Everybody Woonam Jung tonight: Korean barbecue awaits you

Be sure to order the dolsot bi bim bap in the stone pot at Woonam Jung.
Photo: Beverly Poppe

The Details

6850 W. Spring Mountain, 388-0488
Daily, 5 p.m.-2 a.m.

Korean barbecues are scattered throughout the Valley, but most are hidden away and fairly divey—not necessarily the most welcoming of environs for non-Koreans. Woonam Jung is a notable exception.

The restaurant’s backstory is fairly well known. The Lee family—yeah, from the liquor stores—renovated what’s now known as Korea Town Plaza on the outskirts of Chinatown at Spring Mountain and Rainbow. The tenant slated for the space bailed on the project, leaving the Lees with an empty Korean barbecue restaurant. So they opened their own, importing a chef from Korea and rewarding the Valley with one of its most approachable Korean restaurants.

Primary dining options include shabu shabu—think Asian fondue with thinly sliced meat swept through boiling broth—and Korean barbecue. Both are prepared in front of you on table grills and make for interactive dining experiences.

When choosing barbecue meats, I suggest sticking with the classics: kalbi (short ribs), bulgogi (marinated beef) and samgyeopsal (bacon). I also recommend steering clear of the shrimp, as the grilling didn’t lend itself to a favorable crustacean presentation.

Woonam’s banchan—the never-ending parade of side dishes served alongside the meal—vary but have included kimchi cabbage and cucumbers, dried anchovies and salads. Outside of the anchovies, none are truly memorable but they do serve to pass the time while your meat is cooking.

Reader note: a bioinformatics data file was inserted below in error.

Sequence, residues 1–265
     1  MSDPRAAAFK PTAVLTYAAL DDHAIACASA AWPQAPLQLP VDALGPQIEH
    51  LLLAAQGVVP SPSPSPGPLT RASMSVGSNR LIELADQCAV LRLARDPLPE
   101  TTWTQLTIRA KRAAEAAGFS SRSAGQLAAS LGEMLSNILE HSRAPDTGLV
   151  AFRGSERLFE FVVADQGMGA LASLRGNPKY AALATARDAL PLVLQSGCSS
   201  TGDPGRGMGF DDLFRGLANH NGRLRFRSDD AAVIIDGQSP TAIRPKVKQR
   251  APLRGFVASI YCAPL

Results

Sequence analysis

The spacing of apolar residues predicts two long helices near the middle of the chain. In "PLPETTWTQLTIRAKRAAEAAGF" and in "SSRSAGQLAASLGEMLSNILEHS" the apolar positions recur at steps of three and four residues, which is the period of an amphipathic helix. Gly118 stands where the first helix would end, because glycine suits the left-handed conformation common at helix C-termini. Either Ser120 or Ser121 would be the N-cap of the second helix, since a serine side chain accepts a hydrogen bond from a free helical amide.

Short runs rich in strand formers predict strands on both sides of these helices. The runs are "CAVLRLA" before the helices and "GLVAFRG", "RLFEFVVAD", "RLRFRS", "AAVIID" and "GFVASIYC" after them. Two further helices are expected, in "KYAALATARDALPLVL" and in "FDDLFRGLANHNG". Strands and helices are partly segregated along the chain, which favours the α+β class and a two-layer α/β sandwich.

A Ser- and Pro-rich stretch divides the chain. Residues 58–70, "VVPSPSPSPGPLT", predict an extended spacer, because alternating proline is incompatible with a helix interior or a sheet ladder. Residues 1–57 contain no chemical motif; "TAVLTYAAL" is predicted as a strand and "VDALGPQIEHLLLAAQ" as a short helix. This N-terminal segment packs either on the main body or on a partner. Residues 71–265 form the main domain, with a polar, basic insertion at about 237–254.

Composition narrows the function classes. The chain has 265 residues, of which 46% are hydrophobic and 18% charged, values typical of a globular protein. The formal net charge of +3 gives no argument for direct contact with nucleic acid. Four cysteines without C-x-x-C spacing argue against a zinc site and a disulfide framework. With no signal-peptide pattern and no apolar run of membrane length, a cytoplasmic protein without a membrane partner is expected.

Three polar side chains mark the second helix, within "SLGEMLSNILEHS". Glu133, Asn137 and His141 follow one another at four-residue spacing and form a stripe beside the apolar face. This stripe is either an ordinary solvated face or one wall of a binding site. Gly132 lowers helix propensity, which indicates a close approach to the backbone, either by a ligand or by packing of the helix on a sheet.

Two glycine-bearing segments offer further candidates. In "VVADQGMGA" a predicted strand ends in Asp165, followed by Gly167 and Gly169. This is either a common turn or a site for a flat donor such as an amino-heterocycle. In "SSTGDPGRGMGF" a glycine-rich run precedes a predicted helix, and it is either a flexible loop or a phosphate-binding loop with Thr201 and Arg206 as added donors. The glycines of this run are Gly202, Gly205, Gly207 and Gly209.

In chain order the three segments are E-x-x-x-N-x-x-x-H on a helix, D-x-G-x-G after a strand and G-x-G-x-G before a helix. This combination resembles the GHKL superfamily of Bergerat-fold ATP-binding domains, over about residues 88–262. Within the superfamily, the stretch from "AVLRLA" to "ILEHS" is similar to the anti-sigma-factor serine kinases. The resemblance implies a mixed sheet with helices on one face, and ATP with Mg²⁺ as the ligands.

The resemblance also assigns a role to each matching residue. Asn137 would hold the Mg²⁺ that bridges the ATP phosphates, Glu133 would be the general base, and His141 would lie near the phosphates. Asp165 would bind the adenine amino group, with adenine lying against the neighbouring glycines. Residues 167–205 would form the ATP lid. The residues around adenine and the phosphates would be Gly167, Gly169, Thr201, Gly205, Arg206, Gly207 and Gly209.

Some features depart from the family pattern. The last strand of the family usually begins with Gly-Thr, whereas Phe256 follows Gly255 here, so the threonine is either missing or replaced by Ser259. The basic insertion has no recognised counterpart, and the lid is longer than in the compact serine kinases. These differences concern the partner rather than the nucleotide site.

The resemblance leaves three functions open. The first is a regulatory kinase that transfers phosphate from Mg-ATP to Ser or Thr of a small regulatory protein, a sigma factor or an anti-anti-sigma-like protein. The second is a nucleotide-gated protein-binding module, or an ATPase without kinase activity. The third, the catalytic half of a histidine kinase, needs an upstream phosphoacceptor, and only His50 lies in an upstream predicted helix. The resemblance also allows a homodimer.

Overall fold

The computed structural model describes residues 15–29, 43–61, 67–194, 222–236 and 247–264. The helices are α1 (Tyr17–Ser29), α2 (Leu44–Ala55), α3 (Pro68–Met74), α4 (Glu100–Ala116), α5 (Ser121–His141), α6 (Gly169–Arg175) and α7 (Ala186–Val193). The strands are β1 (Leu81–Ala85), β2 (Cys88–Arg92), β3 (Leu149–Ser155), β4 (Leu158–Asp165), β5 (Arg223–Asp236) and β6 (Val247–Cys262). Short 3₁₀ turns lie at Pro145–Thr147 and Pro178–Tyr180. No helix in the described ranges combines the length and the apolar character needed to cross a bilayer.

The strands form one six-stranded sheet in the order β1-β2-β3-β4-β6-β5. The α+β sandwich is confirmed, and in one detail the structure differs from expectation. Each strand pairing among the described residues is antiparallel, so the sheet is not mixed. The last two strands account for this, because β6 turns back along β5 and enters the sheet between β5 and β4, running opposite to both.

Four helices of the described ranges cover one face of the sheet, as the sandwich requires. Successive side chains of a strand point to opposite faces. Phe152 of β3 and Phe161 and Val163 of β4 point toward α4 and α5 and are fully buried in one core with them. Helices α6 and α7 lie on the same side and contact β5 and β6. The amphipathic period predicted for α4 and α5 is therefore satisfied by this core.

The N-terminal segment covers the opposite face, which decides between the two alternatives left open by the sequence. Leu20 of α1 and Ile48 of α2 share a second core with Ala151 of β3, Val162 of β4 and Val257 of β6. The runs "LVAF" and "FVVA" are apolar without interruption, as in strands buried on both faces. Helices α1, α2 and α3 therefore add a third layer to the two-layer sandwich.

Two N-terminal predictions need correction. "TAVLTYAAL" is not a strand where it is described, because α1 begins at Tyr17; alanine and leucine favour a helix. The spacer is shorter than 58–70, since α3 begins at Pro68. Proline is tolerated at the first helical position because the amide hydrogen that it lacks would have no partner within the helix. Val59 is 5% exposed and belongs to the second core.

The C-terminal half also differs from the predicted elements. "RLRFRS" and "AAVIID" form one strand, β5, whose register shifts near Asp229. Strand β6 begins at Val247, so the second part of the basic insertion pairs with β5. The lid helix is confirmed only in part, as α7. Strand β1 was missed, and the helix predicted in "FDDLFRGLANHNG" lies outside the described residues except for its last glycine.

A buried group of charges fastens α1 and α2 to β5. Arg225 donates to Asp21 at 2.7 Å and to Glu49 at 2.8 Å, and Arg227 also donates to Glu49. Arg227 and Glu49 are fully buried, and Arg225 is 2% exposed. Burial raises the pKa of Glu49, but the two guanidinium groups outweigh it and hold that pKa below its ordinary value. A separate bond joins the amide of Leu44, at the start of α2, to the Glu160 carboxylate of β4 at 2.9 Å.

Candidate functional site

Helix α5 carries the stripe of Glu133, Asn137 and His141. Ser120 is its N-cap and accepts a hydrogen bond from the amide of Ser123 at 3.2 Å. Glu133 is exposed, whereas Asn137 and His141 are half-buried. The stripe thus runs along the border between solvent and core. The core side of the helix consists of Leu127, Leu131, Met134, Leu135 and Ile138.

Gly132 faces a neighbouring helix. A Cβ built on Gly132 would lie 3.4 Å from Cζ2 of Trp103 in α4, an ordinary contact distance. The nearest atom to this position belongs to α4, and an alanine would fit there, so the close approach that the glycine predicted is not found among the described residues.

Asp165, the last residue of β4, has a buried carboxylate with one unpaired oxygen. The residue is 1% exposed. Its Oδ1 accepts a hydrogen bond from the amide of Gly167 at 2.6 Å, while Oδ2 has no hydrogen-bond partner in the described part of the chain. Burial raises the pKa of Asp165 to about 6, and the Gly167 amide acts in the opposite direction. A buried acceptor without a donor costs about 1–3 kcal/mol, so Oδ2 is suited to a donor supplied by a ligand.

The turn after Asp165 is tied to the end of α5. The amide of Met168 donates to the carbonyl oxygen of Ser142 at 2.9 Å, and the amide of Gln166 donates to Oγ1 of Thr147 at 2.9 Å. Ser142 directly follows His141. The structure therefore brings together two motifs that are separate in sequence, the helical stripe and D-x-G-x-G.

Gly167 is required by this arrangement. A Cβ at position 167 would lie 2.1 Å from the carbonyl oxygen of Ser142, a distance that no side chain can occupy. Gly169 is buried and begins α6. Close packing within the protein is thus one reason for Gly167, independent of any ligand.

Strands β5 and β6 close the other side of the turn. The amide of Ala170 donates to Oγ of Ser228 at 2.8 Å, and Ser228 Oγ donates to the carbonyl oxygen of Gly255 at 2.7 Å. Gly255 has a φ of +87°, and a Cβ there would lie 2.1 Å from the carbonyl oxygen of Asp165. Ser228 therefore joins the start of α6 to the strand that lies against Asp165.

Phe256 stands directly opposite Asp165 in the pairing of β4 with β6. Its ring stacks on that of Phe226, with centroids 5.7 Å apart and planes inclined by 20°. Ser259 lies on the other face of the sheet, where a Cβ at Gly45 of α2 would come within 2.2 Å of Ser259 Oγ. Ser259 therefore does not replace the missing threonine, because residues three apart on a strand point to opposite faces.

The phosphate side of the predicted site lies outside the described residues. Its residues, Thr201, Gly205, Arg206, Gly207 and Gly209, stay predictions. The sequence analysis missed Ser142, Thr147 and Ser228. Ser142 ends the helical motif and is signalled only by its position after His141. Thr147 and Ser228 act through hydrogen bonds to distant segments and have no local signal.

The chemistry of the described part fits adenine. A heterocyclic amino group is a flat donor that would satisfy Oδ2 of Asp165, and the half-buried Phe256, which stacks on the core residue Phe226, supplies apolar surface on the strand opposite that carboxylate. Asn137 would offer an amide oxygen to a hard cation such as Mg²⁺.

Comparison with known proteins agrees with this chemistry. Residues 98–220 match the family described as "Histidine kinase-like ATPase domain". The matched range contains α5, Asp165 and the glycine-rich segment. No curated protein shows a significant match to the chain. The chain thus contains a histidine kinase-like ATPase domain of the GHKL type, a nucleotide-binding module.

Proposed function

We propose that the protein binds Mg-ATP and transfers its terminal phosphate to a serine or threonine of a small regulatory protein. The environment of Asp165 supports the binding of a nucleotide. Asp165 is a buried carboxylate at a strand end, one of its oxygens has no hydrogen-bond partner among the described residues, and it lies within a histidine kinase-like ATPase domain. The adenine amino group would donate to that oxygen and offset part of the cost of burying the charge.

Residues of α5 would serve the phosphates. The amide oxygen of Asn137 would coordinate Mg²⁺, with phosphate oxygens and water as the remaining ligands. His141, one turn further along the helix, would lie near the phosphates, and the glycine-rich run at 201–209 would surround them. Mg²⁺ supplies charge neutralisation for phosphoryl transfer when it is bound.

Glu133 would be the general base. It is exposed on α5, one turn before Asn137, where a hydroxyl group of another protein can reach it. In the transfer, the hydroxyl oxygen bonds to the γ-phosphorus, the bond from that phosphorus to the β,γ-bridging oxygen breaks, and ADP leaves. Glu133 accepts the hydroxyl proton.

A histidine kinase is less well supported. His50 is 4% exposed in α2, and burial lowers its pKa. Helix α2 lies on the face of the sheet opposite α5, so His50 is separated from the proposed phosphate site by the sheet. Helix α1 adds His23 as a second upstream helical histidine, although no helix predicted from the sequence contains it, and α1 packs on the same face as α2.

My favorite dish is actually neither shabu shabu nor barbecue but rather dolsot bi bim bap. The traditional Korean dish consists of a mixture of rice, vegetables, fried egg and meat served in a piping hot stone bowl with a healthy application of gochujan, a slightly sweet Korean chili pepper paste. While the bowl crisps the bottom rice layer for a textural contrast, the rice mixture results in an amalgam of savory, sweet and spicy. Just don’t get fooled by the cheaper bi bim bap; the stone pot is well worth the $2 upcharge.

To Woonam’s credit, the staff is equally friendly whether you’re Korean or not. Most importantly, no one should feel intimidated by the cuisine. You might be surprised at what you’ll end up enjoying.

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Jim Begley

Jim Begley is an avid food lover who began writing about his Las Vegas dining adventures to defray his obscene ...

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